I remember the first time I heard the term “seasoning your cast iron”. I had no idea what that meant. Furthermore, it prevented me from using cast iron for years. It seemed daunting and frankly I assumed it was more work that I was willing to put in. Oh how wrong I was.
Fast forward 15 years later, and I LOVE my cast iron. I use these pans all the time. The cooking is even, the cleanup a breeze, and the versatility unmatched. Cast iron can be used to make bread, braise meats, sear steaks, and it helps make the BEST popovers and crisps. I could yammer on all day about my love for this kitchen tool, but I am sure you get my point.
I have decided to dedicate this post to the caring of your cast iron. My contribution to demystifying the art of seasoning, and maintaining the pristine condition of your pots and pans. Hoping to prevent current and future home cooks from avoiding this incredible cooking method due to confusion around preservation of the equipment.
Seasoning your cast iron is a simple as following a few quick and easy steps.
First step, is to preheat your oven to 350°. Place the oven rack top 1/3 of oven with second rack bottom 1/3 of oven. Cover the bottom rack with tin foil or use a sheet pan with parchment and place on that bottom rack.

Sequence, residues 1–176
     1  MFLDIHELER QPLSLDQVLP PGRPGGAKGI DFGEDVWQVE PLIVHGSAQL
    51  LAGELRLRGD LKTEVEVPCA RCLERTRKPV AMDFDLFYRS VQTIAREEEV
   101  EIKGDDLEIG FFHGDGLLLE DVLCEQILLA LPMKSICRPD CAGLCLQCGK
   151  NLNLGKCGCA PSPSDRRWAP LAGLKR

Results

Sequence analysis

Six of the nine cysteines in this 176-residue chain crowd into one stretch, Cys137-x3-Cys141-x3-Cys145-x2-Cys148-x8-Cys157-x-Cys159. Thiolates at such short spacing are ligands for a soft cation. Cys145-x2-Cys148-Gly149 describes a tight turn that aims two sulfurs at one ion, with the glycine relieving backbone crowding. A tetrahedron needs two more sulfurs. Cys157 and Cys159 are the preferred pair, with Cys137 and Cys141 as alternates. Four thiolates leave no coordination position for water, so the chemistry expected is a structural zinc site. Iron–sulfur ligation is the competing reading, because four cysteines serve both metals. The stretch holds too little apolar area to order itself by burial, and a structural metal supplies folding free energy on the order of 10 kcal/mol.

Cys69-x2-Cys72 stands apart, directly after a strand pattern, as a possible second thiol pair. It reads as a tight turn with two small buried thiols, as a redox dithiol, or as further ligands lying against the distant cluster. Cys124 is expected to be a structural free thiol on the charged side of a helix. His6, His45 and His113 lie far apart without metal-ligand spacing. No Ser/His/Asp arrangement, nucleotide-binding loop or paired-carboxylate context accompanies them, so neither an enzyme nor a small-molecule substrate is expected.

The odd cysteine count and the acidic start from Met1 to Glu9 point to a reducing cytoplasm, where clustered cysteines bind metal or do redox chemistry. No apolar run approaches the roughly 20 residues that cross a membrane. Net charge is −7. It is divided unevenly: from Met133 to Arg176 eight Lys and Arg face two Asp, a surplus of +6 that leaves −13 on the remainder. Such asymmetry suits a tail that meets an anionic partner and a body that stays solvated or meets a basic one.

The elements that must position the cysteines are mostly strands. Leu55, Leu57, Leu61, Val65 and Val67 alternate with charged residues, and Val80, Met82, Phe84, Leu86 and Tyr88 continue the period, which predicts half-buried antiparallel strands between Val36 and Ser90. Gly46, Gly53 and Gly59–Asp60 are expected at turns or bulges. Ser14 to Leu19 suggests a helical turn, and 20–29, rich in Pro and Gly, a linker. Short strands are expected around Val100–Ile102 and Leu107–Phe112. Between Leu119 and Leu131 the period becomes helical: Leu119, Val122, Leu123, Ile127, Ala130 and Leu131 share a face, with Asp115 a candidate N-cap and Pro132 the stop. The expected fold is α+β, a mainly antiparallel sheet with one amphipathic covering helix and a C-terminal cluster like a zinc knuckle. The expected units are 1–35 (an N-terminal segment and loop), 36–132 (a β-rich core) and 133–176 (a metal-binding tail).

Next, using a vegetable shortening such as crisco, wipe the inside of pot or pan with a thin coating of the shortening. I use a piece of wax paper to do this. Be sure to coat it evenly.
Place the pot or pan upside down on the top 1/3 of the oven. Bake for an hour and then turn the oven off. Leave the pot inside until completely cooled.
How often should you season your pans? It depends on how much you use them, and if your roommate decided to scrub them with a wire Brush. Basically, if the finish is beginning to wear off, it is time.
General Cleaning of your cast iron is just as easy as the seasoning. Simply wash with a mild soap or baking soda and a soft sponge, and if food is stuck to your pan, use dry salt and a lightly damp sponge to release debris. Then rinse under clean water, immediately dry with a towel, and wipe 1 tsp of olive oil over the surface. Then store. Don’t store with lids on. Instead, store with lids off and if you can, store them hanging up.
There you go. That is it. Easy as one, two, three. Now get out there and start embracing the cast iron cooking methods and start to play with them. I promise, you will fall in love.